Running 3 volt devices from 1.2 volt batteries

Try connecting a solar cell that produces 2 volts to a light emitting diode. It seems to work with red lights, but not with blue or white. Blue and white light emitting diodes need more than 2 volts to run.

Inside a solar garden light, we find a single 1.2 volt battery. How can this battery run a white light?

The answer is a clever circuit that uses a steady 1.2 volt source, and produces a series of spikes of higher voltage. These come at a rate so fast our eyes see it as continuous light.

Above is the schematic for the Solar Garden Light, using the 5252F integrated circuit and a 330 microHenry inductor.

The integrated circuit does several things. It charges the 1.2 volt battery during the day, using power from the 2.5 volt solar cell. It detects when the solar cell is in the dark, and starts up the circuit inside that boosts the 1.2 volts from the battery to over 3 volts, and sends that to the LED.

We can control how much current goes to the LED by choosing different values for the inductor. 330 microHenrys will allow 8 milliamperes to go into the LED. This is fine for a single LED, but if we want to drive several LEDs, we can reduce the size of the inductor and get more current. 270 microHenrys will give us 10 milliamperes. 220 will give us 12 mA. 150 will give us 18 mA. 100 will give us 28 mA, which is more than we normally want in an LED, but probably won't hurt it too much. 47 microHenrys will give us 50 milliamperes, which would be suitable for three or four LEDs.

Now we have enough information to improve our solar garden light. One obvious improvement is to replace the solar cell with a larger one. This will provide more current to charge the battery, which will allow us to place the garden light where it might not get enough sun otherwise. If you can't find a larger solar cell, you can put two or several of the same size solar cells in parallel with one another, to get twice or several times the energy. Solar garden lights are often sold in sets, making this easy.

Another simple improvement is to replace the cheap battery with one that can store more energy. Our little solar light came with a tiny 1.2 volt nickel cadmium battery that can store 150 milliampere-hours of charge. We could replace it with a 300 milliampere-hour battery and get twice the energy storage capacity. But why stop there? 900 milliampere-hour batteries are made that still fit in an AA cell socket. Changing battery chemistry is another option. Using nickel metal hydride batteries instead of nickel cadmium allows us to get 1500 milliampere-hours into a single 1.2 volt AA cell. If we have a solar cell big enough to charge it, the light will stay on 10 times longer than our original garden light.

Once we have the larger solar cell and larger battery, we can change the inductor so that we can drive more LEDs. Rather than the light lasting 10 times as long, we can make it last twice as long, but drive 5 LEDs instead of one.

To build our own super garden light, we start by placing the 5252F integrated circuit into our solderless breadboard. The printed side of the 5252F is facing us in the photo.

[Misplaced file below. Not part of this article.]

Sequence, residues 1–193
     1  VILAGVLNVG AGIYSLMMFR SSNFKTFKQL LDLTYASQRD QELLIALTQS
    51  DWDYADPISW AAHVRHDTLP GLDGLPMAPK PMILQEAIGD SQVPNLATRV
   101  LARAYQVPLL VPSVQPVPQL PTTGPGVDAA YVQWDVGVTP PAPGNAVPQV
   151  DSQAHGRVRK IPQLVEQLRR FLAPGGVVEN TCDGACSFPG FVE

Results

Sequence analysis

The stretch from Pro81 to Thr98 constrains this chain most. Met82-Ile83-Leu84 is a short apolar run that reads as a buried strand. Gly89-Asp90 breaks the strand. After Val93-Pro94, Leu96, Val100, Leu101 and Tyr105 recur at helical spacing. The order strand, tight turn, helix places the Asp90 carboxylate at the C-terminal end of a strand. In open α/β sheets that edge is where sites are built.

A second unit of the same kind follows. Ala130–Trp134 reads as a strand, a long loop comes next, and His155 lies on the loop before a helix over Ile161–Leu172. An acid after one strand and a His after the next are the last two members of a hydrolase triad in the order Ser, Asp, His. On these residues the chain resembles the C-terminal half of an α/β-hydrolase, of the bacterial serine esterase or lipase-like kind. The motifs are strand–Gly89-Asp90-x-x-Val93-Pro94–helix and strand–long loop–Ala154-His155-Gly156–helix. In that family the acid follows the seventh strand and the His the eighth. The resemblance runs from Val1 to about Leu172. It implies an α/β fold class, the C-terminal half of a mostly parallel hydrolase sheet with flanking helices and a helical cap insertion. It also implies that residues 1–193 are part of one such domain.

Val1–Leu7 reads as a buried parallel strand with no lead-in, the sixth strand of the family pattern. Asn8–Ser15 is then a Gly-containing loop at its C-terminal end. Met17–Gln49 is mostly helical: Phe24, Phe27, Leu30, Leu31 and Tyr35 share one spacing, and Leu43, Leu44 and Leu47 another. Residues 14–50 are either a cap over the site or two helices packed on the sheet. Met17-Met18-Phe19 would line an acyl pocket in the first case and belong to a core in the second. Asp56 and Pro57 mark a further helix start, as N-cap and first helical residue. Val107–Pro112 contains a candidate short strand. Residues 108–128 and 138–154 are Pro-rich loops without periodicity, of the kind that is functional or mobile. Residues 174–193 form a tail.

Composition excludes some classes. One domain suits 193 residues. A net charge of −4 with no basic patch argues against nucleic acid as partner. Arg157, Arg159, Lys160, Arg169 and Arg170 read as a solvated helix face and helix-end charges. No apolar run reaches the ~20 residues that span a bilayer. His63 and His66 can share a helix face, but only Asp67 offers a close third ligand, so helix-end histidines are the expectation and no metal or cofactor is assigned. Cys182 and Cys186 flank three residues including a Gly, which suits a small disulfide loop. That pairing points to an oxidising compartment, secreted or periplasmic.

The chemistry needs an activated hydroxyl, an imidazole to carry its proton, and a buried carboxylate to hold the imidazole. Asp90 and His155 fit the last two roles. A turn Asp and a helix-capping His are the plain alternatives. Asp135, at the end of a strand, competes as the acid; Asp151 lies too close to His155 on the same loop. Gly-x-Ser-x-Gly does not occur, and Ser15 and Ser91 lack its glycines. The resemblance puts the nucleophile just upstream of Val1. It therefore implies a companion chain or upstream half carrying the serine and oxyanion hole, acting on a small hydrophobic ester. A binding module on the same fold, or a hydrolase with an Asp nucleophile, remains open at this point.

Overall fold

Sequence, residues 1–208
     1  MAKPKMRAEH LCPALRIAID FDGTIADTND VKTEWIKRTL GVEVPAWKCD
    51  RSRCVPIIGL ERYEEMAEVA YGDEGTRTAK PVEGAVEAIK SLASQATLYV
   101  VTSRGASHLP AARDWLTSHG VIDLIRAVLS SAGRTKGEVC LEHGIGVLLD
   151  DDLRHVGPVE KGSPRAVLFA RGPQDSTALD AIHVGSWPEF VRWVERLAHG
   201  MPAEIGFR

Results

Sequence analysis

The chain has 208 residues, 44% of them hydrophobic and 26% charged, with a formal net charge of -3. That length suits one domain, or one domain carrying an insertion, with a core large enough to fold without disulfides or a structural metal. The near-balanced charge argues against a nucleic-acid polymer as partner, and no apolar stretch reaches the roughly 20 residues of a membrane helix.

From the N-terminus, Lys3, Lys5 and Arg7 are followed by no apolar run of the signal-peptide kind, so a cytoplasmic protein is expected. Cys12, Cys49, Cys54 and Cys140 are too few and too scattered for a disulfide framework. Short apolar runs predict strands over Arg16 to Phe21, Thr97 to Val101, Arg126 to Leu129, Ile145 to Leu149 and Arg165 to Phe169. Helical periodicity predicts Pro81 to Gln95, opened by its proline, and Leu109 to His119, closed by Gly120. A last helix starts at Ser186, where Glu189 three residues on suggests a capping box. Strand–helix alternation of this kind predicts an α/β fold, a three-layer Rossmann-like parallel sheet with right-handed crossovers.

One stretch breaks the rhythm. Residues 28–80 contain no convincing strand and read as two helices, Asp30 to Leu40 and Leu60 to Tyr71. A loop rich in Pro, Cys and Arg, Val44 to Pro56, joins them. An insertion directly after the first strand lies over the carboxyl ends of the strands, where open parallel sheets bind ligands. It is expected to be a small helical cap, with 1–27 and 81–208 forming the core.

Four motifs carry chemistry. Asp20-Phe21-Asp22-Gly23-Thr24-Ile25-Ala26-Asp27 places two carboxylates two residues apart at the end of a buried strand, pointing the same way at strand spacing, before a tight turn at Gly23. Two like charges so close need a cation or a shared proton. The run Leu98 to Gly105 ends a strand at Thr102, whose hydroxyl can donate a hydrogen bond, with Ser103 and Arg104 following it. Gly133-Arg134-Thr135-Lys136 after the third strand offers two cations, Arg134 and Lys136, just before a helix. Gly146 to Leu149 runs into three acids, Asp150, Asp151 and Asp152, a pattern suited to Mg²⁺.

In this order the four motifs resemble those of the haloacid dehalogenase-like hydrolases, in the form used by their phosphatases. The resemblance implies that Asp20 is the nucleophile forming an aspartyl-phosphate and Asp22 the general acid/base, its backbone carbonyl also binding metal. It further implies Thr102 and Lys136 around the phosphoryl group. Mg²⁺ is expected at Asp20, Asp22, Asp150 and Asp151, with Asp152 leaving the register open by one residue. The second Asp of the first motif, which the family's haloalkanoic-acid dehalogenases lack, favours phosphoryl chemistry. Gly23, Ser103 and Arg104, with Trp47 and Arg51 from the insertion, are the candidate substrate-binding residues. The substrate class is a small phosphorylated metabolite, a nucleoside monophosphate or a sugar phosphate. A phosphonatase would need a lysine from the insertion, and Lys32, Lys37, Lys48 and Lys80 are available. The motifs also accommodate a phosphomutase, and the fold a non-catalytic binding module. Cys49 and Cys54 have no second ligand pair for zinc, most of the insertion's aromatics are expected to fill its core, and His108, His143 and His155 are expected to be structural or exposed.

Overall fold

The 330 microHenry inductor comes next. We insert it into the same columns as pins 2 and 4 of the integrated circuit.

Next we use a wire to connect pin 3 of the integrated circuit to the bottom row, which we will use as ground.

Now we add the white LED. The long leg (the anode, or positive end of the LED) is placed in the column where pin 4 of the 5252F and one end of the inductor are both placed. The short leg (the cathode, or negative end of the LED) straddles across the center to the column below.

This allows us to connect the LED to ground using a short wire.

Now we connect the negative side of the battery (black wire) to ground, and the positive end (red wire) to the column that hold pin 2 of the 5252F.

Lastly, we connect the solar cell to ground (black wire) and to pin 1 of the 5252F (red wire).

I went overboard with the size of my solar cell, because I planned to use it in the shade, instead of direct sunlight. But since I am using a 1500 milliampere-hour battery, I would have needed several of the small solar cells found in typical garden lights.

There is room on the breadboard to put two more inductors below the one we have. Inductors in parallel like that reduce the total inductance. This has the effect of increasing the current to the LED. The specifications for the 5252F say that 330 microHenrys should give us 8 milliamperes of current running through the LED. I measured 5.8 milliamperes with my meter, with the LED in place, which seems pretty close. With two inductors in parallel, I measured 10.9 milliamperes. With three inductors in parallel, I measured 14.5 milliamperes. As each inductor was added, I could see the LED get brighter.

In the photo above, you can see the three inductors plugged into the same columns on the breadboard (so they are connected in parallel). You can also see that I simulated night-time by unplugging the black wire from the solar cell, so the 5252F sees no voltage there, and concludes it is too dark for the cell to produce electricity.